Dictionary: SIR-NAME – SIT'FAST

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SIR-NAME, n. [Is more correctly written Surname.]

SI-RO, n.

A mite. – Encyc.

SI-ROC'CO, n. [It. id.; Sp. siroco or xaloque.]

A pernicious wind that blows from the south-east in Italy, called the Syrian wind. It is said to resemble the steam from the mouth of an oven.


A word of reproach and contempt; used in addressing vile characters. Go, sirrah, to my cell. Shak. [I know not whence we have this word. The common derivation of it from sir, ha, is ridiculous.]

SIRT, n. [sert; L. Syrtis.]

A quicksand. [Not in use.]

SIR'UP, n. [Oriental. See Sherbet and Absorb.]

The sweet juice of vegetables or fruits, or other juice sweetened; or sugar boiled with vegetable infusions. Coxe.


Moistened or tinged with sirup or sweet juice. Drayton.

SIR'UP-Y, a.

Like sirup, or partaking of its qualities. Mortimer.

SISE, n.

Six, a term in games.

SISE, v. [or n. For Assize.]


A bird; another name of the aberdavine. Johnson. Dict. Nat. Hist. The siskin or aberdavine is the Fringilla spinus. Ed. Encyc.

SISS, v.i. [D. sissen; Dan. suuser; G. sausen; Sw. susa, to buzz, rush, hiss, whistle.]

To hiss; a legitimate word in universal popular use in New England.

SIS'TER, n. [Sax. sweoster; D. zuster; G. schwester; Sw. syster; Dan. söster; Russ. sestra; Pol. siostra; Dalmatian, szesztre; Sans. swasre.]

  1. A female born of the same parents; correlative to brother.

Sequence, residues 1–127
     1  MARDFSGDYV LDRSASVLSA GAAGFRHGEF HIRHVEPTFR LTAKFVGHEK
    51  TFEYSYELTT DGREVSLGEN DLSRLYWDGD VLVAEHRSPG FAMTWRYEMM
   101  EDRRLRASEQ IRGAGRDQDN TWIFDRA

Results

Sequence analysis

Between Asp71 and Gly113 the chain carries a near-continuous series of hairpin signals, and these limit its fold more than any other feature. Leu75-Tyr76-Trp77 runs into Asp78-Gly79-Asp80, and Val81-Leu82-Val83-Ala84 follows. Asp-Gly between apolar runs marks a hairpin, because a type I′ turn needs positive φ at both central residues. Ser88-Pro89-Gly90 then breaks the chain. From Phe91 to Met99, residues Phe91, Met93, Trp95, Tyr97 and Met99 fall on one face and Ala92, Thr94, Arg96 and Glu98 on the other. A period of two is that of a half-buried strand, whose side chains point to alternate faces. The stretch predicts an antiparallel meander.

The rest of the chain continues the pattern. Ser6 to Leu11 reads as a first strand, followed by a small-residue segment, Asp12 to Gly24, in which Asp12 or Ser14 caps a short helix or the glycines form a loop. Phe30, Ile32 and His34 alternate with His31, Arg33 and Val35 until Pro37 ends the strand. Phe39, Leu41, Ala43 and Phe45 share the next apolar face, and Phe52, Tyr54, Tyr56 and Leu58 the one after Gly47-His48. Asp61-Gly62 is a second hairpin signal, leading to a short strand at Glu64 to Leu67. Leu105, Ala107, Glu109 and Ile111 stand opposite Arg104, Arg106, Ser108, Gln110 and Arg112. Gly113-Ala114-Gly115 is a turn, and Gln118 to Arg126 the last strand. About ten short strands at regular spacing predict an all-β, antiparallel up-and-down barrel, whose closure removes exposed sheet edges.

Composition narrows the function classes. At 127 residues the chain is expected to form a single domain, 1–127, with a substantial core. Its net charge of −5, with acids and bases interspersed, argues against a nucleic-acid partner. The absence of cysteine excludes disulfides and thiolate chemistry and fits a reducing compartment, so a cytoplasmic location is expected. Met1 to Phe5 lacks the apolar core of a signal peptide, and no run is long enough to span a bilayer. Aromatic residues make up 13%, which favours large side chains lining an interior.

2. A woman of the same faith; a female fellow Christian. If a brother or sister be naked and destitute of daily food … – James ii.
  3. A female of the same kind. – Shak.
  4. One of the same kind, or of the same condition; as, sister–fruits. – Pope.
  5. A female of the same society; as the nuns of a convent.

SIS'TER, v.i.

To be akin; to be near to. [Little used.] – Shak.

SIS'TER, v.t.

To resemble closely. [Little used.] – Shak.

SIS'TER-HOOD, n. [sister and hood.]

  1. Sisters collectively or a society of sisters; or a society of females united in one faith or order. Addison.
  2. The office or duty of a sister. [Little used.]


A husband's or wife's sister. – Ruth.


Like a sister; becoming a sister; affectionate; as, sisterly kindness.

SIS'TRUM, n. [Gr. σειστρον, from σειω, to shake.]

A kind of timbrel which the Egyptian priests of Isis used to shake at the festivals of that goddess. – Brande.


In fabulous history, a robber or traitor notorious for his cunning, and whose crimes were punished by being compelled to roll to the top of a hill, a huge stone which constantly recoiled, and made his task incessant.

SIT, v.i. [pret. sat; old pp. sitten. Goth. sitan; Sax. sitan, or sittan; D. zitten; G. sitzen; Sw. sitta; Dan. sidder; L. sedeo; It. sedere; Fr. seoir, whence asseoir, to set or place, to lay, to assess, from the participle of which we have assise, assize, a sitting, a session, whence size, by contraction; W. seza, to sit habitually; sezu, to seat; gorsez, a supreme seat; gorsezu, to preside; Arm. aseza, diaseza, sizhea, to sit; Ir. suidhim, eisidhim, and seisim; Corn. seadha, to sit. It coincides with the Ch. and Heb. יסד and Heb. שית, to set, place or found, and perhaps with the Ar. سَدَّ sadda, to stop, close or make firm. See Class Sd, No. 31, 56. See Set. The Sp. sitiar, to besiege, is the same word differently applied.]